Talk to any financial advisor or read a book about saving for retirement and the word diversification comes up time and time again. Diversify, diversify, and diversify. Like your mom told you: don't put all of your eggs in one basket.
For too many people, diversification means putting a certain percentage of your money in stocks and the rest in bonds. But, what's a person to do when stocks are overvalued on a historical basis and bond yields are near all time lows? Clearly neither asset class is a bargain and retirement is just around the corner.
World traveler and legendary investor Jim Rogers says the next bull market will be in commodities and provides a primer for those who really want to diversify with his new book, Hot Commodities: How Anyone Can Invest Profitably in the World's Best Market.
Rogers was the big idea man behind the Quantum Fund. While the other co-founder George Soros did the trading, Rogers provided the history and economic knowledge for Quantum and the fund generated a 4,000 percent return in the 1970's, allowing Rogers to retire.
Despite his prescient market calls and success, Rogers is generally viewed as a maverick at best and just plain crazy at worst. On the Saturday morning FOX investment shows he is typically ridiculed for both his investment and political views. While the other guests are providing the same warmed-over stock recommendations, Rogers tells viewers to stay away from stocks and start investing in things.
"Nearly every time I strayed from the herd, I've made a lot of money," writes Rogers in the books introduction. "But, when you make some money going against the grain, you're no longer crazy; you're just 'lucky.'"
Why commodities now? Well, actually commodities have been doing better than stocks, bonds and even real estate for the past few years. But, commodity bull markets take a couple of decades to play out, so Rogers thinks there is still plenty of time to get in.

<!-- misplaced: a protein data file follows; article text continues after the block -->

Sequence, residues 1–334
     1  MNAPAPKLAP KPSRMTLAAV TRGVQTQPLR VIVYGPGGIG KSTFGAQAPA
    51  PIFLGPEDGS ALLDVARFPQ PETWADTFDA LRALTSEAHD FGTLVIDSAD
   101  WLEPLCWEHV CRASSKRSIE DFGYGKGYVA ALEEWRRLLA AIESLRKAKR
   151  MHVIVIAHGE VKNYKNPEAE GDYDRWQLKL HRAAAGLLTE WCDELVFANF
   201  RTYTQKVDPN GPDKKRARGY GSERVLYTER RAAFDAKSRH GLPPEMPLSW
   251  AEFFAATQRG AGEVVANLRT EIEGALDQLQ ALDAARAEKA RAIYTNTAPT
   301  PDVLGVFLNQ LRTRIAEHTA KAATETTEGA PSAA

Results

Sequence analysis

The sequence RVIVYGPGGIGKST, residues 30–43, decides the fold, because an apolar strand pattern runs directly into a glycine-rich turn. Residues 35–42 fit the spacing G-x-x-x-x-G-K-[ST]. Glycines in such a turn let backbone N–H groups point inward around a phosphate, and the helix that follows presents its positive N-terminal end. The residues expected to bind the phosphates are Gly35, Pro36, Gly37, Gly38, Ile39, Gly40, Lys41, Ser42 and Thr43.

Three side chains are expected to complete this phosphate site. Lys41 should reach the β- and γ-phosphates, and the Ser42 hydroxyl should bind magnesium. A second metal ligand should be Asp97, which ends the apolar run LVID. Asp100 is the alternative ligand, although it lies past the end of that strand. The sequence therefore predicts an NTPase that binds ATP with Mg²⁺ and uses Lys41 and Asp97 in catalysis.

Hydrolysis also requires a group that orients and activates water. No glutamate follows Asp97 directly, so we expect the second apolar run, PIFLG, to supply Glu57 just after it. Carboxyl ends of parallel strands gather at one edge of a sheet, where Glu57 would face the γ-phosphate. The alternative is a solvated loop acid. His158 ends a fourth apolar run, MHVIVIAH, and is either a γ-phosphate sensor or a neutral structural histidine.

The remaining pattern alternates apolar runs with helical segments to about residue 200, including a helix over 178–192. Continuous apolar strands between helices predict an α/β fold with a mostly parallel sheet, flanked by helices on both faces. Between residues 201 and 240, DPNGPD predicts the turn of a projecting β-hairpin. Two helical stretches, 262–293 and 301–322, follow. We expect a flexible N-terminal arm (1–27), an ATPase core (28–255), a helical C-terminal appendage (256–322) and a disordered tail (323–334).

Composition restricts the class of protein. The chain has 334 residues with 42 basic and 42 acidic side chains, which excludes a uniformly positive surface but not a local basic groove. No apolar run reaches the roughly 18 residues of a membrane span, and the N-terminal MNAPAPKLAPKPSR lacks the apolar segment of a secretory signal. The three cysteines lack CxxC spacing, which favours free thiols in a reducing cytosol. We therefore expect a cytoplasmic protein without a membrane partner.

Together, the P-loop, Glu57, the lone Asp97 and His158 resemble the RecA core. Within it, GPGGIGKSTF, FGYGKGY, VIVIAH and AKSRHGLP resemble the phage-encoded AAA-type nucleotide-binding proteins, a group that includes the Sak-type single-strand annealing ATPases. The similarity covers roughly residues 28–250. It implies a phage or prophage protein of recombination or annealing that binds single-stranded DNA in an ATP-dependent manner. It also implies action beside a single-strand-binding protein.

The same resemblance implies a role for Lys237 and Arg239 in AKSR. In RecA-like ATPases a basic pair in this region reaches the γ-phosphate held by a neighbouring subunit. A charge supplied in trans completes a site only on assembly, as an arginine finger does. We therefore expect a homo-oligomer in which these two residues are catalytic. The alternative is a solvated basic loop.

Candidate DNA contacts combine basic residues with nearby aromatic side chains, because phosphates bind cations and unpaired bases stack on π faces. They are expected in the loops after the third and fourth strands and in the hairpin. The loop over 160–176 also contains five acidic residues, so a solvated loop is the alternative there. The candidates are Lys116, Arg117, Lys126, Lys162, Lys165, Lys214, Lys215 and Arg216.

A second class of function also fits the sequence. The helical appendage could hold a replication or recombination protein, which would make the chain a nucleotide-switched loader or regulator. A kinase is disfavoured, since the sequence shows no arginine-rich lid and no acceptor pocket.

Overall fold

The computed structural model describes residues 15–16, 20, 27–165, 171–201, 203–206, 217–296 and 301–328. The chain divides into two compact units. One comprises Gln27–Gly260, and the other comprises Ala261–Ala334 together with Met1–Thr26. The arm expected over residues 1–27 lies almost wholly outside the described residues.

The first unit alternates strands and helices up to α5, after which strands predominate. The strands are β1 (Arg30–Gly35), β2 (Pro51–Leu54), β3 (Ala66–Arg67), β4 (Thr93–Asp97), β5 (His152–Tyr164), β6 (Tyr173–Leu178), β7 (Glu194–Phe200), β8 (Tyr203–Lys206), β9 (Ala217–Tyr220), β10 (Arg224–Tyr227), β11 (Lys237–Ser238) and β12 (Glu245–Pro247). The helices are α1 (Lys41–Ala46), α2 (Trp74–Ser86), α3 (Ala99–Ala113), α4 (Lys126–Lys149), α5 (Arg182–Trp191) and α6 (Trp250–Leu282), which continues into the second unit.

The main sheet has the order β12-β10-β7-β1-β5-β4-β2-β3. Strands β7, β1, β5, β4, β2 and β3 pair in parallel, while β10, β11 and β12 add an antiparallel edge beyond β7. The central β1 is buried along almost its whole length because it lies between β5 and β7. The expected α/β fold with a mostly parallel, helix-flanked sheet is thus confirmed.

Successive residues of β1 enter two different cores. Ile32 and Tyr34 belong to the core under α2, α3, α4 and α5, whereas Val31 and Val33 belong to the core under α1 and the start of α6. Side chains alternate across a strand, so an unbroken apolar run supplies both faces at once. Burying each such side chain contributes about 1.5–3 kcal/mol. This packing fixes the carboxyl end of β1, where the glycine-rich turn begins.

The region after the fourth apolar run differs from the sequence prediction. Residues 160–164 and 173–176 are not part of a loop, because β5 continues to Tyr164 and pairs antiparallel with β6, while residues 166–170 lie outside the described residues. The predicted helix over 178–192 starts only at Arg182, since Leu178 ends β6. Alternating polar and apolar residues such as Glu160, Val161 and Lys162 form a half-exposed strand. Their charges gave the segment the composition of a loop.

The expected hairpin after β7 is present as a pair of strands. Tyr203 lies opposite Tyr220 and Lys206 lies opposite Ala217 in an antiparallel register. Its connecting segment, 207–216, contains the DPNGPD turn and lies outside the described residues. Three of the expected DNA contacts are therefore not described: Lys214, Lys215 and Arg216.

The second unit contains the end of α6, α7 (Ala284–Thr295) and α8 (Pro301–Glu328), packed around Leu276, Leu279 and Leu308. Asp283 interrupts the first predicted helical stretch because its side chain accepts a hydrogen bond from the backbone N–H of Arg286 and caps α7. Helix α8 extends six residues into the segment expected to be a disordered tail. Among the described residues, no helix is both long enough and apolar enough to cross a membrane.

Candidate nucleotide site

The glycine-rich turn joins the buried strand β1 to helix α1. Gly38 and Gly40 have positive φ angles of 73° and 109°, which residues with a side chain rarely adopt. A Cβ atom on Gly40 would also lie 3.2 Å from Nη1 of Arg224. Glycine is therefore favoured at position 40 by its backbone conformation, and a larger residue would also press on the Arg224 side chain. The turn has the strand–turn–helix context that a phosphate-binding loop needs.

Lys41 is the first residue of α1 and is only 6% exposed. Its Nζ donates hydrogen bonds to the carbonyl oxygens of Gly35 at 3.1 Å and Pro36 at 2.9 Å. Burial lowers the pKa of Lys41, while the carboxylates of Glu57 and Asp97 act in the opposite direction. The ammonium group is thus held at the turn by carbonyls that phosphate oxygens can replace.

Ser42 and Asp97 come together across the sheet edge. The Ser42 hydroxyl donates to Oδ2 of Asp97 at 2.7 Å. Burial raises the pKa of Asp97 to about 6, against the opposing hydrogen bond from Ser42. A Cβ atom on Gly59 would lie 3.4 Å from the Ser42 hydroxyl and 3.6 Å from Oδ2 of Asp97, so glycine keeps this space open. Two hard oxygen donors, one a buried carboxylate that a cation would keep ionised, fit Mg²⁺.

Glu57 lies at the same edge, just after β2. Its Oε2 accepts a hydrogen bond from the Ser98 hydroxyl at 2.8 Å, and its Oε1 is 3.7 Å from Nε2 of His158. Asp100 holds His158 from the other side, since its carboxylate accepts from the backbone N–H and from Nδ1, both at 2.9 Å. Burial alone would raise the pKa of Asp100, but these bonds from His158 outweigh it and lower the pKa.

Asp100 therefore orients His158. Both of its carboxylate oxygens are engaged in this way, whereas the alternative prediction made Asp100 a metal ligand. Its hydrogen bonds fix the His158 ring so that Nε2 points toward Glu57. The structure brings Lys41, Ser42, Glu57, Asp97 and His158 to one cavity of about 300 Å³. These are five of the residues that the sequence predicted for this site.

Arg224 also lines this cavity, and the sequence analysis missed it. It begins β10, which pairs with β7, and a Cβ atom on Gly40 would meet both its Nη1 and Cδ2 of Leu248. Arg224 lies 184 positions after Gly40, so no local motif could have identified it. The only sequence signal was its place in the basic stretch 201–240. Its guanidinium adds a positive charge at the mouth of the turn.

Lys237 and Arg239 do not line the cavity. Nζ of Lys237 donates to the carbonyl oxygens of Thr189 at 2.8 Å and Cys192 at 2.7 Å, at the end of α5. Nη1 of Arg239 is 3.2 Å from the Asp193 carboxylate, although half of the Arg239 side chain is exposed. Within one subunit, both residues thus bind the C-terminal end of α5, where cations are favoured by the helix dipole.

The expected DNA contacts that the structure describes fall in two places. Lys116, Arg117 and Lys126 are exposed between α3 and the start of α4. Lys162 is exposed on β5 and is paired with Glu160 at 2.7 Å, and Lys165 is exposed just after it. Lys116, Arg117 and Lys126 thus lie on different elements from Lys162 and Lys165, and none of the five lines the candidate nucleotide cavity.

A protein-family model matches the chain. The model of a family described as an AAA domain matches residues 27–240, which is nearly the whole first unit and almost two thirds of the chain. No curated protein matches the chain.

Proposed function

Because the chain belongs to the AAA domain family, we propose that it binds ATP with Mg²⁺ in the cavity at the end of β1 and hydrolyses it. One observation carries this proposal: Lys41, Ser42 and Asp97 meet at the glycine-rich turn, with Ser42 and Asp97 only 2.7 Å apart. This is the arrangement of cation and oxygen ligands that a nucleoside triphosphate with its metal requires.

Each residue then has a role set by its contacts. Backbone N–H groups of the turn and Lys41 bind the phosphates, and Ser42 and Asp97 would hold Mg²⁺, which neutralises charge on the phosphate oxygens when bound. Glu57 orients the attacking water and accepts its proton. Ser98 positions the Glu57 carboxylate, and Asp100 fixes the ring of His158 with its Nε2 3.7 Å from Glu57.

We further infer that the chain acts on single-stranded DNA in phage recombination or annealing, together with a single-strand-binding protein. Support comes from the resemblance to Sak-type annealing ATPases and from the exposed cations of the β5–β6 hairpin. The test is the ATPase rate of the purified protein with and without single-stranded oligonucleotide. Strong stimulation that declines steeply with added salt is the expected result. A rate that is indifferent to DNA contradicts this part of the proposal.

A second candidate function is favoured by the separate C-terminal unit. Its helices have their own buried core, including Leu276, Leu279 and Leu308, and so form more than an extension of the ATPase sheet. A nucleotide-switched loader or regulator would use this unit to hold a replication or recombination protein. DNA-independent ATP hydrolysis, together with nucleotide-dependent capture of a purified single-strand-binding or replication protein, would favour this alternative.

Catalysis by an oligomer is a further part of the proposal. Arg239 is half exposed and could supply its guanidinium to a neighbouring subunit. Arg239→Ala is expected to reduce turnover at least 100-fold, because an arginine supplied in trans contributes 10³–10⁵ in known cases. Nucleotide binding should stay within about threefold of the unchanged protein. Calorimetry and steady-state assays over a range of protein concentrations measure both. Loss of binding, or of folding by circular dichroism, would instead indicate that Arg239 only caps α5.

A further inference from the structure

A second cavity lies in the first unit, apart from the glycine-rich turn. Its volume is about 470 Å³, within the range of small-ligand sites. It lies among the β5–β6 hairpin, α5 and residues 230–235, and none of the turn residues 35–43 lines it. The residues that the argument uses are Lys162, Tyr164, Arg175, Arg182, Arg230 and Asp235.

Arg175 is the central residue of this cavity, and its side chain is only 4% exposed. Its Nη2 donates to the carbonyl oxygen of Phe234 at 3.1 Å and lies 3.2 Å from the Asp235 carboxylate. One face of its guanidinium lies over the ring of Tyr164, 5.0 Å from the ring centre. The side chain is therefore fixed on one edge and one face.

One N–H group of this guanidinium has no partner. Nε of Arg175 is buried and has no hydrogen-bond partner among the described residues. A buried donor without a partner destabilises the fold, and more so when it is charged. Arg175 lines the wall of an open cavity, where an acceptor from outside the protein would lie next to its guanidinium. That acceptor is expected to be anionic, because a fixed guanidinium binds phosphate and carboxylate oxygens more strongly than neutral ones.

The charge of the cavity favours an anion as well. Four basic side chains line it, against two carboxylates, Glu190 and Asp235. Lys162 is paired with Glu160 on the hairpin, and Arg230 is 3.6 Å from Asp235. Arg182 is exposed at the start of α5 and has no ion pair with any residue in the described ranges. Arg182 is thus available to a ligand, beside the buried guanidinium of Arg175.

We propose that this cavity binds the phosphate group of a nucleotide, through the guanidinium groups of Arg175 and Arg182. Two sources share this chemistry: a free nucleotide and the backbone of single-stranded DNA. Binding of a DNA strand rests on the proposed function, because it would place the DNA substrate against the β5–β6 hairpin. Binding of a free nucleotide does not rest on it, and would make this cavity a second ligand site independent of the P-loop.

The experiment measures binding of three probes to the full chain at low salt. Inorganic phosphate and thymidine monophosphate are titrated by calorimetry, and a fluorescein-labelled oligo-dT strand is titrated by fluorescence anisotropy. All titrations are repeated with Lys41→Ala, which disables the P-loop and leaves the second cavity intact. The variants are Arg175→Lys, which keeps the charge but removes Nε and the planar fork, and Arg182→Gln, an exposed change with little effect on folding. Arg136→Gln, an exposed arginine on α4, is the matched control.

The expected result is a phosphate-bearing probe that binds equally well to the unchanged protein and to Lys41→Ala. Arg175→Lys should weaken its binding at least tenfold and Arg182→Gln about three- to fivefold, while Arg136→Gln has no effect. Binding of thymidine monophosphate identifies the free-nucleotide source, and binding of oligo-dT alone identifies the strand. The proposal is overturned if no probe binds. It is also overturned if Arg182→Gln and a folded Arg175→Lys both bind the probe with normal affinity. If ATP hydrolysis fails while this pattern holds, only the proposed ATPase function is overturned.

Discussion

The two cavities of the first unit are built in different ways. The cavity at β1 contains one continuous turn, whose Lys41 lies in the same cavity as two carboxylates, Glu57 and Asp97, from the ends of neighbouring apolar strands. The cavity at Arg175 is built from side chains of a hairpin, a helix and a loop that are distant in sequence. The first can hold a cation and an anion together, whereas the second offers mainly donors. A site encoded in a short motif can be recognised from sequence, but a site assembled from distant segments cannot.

First of all, when the government prints money incessantly, its value falls and the price of things goes up. As Rogers points out: "With the White House in a race with the Federal Reserve to spend money faster than the Fed can print it, the dollar is shakier than ever." Unfortunately, Rogers sees no other currencies that are any better than the dollar.
But most important, when the demand for commodities like oil, sugar, lead and coffee increases due to new demand from China for instance, increasing the supply of any of these commodities is far from a snap. It takes years to gain approvals for mine construction and then more time to build the mines and start producing. It takes years before a coffee seedling begins to produce. Oil production has peaked in Rogers' view. And, the primary producer of sugar — Brazil — devotes much of its supply to the production of ethanol when oil prices are high.
China is the primary force on the demand side of the commodities equation according to Rogers. The twenty-first century will belong to the Chinese and they will dominate the world economy. As the predominately rural Chinese population becomes more urban, their consumption of commodities will skyrocket. China is already the number one consumer of: copper, steel, iron ore and soybeans, and, number two in oil consumption.
It will be a bumpy ride for China, but the upside is enormous. Only four percent of the Chinese people own cars, the population's sugar consumption is less than one sixth that of the US, and the annual per capita coffee consumption in China is less than half a pound while Americans drink 20 gallons a year.
Goldbugs will be disappointed with Rogers who feels that "following an obsession is not the best investment philosophy." In fact, Rogers would like to stand the Alchemist's Dream on its head and turn gold into lead. While lead production continues to go down, "the search for gold reportedly accounted for 75 percent of the total ongoing exploration for the world's largest mining companies," Rogers writes. "It is as if mining professionals were as gaga over gold as the general public." And, at the same time demand for the yellow metal is tepid, demand for lead, an essential component to SVI vehicle batteries, is growing.
While most of the book is devoted to the big picture of why commodities are in a bull market and will continue so, Rogers spends a couple of chapters on the various vehicles available to investors and the arcane terminology used in futures trading.
Rogers scoffs at the old canard that commodities are risky and backs his opinion up with results from a 2004 study from the Yale School of Management's Center for International Finance. According to the study, not only do commodities have less risk than stocks and bonds, they provide better returns, are negatively correlated to stocks and bonds and positively correlated to inflation. The study also found that commodities futures returned triple the gains that investing in the stocks of commodities companies did.
Rogers cautions the reader that one can't invest in commodities blindly. Research is required to get "lucky." Hot Commodities is the best place to start your research into how to truly diversify your assets and ride this decades bull market.